But this escape from emotion, the attempt to impose distance on those emotions, a distance on herself through the disposition of language, is precisely what Heidi Julavits perceived as the weakness of Walsh’s writing. In a story like “Vertigo,” however, the delineation of this state of self-alienation is surely one of the writer’s goals. To admonish her for actually accomplishing this goal seems an odd critical judgment, to say the least. In Walsh’s stories, the reader is asked not to passively receive the account her narrators provide, not to “identify” with characters in the superficial sense we usually give the term in reflecting on the experience of reading fiction, but to inhabit the characters’ experience ourselves. By thus requiring us to occupy the narrator’s perspective, the stories paradoxically bring us closer to the character than a more conventional style or more casual treatment of point of view would be able to do. Clearly some readers resist assuming the perspective of characters whose response to their condition is an ambiguous mixture of stoicism and icily suppressed rage, who perhaps at times convey the impression that their doubts and disappointments are the opportunity to invoke and order language in unusual ways rather than to grapple with them openly. But while such readers may find themselves impatient with or judgmental of the behavior and attitudes of Walsh’s narrators — especially considered as a kind of composite narrator likely incorporating the author’s own experiences — this is an objection to the kind of character portrayed, not to the truthfulness of the portrayal.

Worlds from the Word’s End, unlike Vertigo, is not focused so exclusively on stories featuring a narrator we might directly connect to the author in this way. It is more formally varied, and could be called more recognizably experimental. Stories such as “Femme Maison” and the title story to an extent return us to the context explored in Vertigo — the dissolution of a long-term relationship — but each of them extend the subject beyond the still essentially realistic premise underlying its treatment in Vertigo. The former concerns the efforts of its female protagonist to adjust to living in her home alone, but, in a move that simultaneously imposes greater distance between author and character even as it elicits identification between character and reader, the story is related in the second-person. “Worlds from the Word’s End” begins in a familiar situation — a man and a woman with “communication” problems — but in this case the failure to communicate becomes part of a worldwide phenomenon in which communication more generally goes “out of fashion” and then disappears entirely.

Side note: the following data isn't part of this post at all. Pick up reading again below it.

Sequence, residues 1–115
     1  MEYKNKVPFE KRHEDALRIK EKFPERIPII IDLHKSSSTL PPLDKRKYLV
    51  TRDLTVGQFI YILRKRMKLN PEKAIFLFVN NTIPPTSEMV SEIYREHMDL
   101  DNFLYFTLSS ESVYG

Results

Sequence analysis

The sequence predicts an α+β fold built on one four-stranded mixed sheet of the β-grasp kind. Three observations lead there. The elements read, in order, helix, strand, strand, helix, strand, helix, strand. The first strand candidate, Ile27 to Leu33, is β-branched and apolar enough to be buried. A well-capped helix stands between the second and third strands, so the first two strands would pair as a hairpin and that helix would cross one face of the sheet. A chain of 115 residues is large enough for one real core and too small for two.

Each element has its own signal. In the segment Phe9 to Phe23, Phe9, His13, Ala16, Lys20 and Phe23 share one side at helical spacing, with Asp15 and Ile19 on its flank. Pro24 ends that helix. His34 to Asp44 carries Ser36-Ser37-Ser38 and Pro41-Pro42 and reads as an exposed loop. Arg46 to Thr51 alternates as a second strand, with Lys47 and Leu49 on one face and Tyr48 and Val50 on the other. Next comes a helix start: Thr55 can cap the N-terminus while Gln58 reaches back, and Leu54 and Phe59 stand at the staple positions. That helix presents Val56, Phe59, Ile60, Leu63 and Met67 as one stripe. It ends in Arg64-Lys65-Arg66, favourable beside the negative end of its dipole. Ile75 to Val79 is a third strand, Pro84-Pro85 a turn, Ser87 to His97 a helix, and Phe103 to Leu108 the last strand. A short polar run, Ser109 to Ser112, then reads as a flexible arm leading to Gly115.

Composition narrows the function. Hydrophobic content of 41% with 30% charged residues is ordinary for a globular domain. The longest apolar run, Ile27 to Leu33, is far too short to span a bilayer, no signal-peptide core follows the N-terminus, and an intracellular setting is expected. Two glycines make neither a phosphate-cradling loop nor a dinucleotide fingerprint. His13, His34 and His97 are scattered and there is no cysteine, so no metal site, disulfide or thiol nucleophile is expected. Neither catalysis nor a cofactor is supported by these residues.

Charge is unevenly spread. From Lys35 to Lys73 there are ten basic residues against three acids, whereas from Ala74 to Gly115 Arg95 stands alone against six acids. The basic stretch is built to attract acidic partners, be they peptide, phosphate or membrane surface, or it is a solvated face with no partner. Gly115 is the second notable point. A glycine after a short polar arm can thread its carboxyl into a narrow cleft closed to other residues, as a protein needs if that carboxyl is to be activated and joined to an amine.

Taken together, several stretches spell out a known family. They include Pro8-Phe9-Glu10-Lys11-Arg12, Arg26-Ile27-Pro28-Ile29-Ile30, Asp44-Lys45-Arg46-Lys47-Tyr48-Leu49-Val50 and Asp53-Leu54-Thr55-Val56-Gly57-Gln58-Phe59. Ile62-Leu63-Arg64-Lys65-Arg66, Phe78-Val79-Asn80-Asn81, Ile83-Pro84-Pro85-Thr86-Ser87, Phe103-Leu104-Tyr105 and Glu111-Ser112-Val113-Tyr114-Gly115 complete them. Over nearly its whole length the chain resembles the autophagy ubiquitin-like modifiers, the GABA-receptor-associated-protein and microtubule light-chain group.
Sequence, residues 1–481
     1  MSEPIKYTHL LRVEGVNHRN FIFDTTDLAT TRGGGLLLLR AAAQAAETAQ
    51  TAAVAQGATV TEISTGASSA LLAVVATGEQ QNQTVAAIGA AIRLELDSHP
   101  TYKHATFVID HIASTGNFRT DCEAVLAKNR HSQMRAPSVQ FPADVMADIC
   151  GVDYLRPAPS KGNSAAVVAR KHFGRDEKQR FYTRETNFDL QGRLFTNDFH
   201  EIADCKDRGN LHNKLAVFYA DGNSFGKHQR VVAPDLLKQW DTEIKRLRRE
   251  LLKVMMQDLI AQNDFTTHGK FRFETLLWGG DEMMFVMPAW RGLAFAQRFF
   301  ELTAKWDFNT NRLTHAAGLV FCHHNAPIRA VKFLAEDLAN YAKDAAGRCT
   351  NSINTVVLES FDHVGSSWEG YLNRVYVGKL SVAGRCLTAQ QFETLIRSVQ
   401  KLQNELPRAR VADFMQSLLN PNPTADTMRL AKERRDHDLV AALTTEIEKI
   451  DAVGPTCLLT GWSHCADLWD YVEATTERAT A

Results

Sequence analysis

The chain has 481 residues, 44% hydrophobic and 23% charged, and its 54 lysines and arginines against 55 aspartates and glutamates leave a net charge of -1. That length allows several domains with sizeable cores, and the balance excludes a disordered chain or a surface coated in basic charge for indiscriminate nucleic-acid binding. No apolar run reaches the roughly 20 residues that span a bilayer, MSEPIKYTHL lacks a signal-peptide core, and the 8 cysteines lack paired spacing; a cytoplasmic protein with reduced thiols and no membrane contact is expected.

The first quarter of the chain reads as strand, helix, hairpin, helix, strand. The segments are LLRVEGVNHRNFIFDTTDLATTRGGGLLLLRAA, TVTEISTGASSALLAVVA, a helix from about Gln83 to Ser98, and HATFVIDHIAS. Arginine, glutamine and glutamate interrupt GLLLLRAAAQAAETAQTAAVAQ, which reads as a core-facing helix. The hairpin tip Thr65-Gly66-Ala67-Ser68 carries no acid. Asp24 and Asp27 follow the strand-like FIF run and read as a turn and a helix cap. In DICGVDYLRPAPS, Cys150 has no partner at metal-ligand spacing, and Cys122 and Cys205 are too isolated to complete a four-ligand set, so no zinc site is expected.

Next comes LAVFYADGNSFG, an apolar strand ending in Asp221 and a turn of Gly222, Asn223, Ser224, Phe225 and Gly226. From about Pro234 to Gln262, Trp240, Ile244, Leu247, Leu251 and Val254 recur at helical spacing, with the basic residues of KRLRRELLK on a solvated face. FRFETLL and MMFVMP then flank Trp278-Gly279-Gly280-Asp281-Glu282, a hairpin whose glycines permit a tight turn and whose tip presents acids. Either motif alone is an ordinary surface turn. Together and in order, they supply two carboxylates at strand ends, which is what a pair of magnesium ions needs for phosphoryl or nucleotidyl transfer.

Other stories depart from the paradigmatic approach of Vertigo altogether, introducing different sorts of characters and telling different kinds of stories, seemingly more purely invented. In the book’s first story, “Two,” an unnamed woman stands on the side of a road, offering two items to passersby. These items are never identified — they variously seem to be children, animals, and inanimate objects. “Travelling Light” tracks the progress of a “shipment,” the contents of which are never identified, in the form of a report by its shipping agent. Both of these stories seem to offer the possibility of allegorical meaning, but finally they appeal more as parodies of allegorical narratives, their “meaning” deliberately obscured. In the book’s final story, “Hauptbahnhof,” a woman has apparently taken up residence in a German train station and describes her activities waiting for a “you” who “may be in Edinburgh” but otherwise remains elusive. In stories such as these, Walsh relies more heavily on continuous narrative than in Vertigo, but still underscores what is not revealed, what acquires meaning only when unspoken. These narratives straddle the line between conventional storytelling in a realist mode (their details seem ordinary, recognizable) and a more suggestive kind of fabulation. If they seem slightly surreal, it is because ordinary reality has been made to seem incomplete, not distorted beyond recognition.

“Enzo Panza” achieves more with less through a radically expanded timescale, essentially the story of a life, executed via a compressed narrative (fewer than ten pages), while the story itself is not so much elliptical as straight-out surreal. “I was still a small girl when I decided to kidnap Enzo Panza,” the narrator announces, and the remainder of the story relates Enzo’s life in a kind of captivity, although he continues to live in the girl’s home even after she herself has left and married (and is there when the girl returns after her divorce). Not even the girl seems to know the meaning of her actions, or Enzo’s:

What has he spared me, this Enzo Panza? What, with his constant presence, has he prevented happening in my life, and what, if anything, has he caused to happen? Does he care for me, my mother, my children? Is he escaping something, or is he just biding his time? Why, when I invited him into my life, did he agree to stay?

While this is otherwise the story perhaps most dissimilar to what we might have expected from the author of Vertigo, the narrator’s words here could certainly also have been uttered by the narrator of the earlier book in her brooding on the direction her own life had taken. However much the stories in Worlds from the Word’s End are more formally disparate, the disabused narrative voice in most of them remains distinctively the voice both Hotel and Vertigo prepared us to expect, Walsh’s writing creating its “surface tension” that, Heidi Julavits to the contrary, is precisely the kind of tension such “formally restless” works require.

Still, in Worlds from the Word’s End Joanna Walsh doesn’t simply repeat the approach taken in Vertigo but develops the adventurous aesthetic sensibility revealed in the earlier book in ways that are arguably both more orthodox — more emphasis on narrative, less intense focus on a single character’s perception — and more experimental — a looser attachment to realism, more audacious use of narrative elision and indirection. The stories in both of these books are fully-realized creations, but they also leave us anticipating what the author might do next.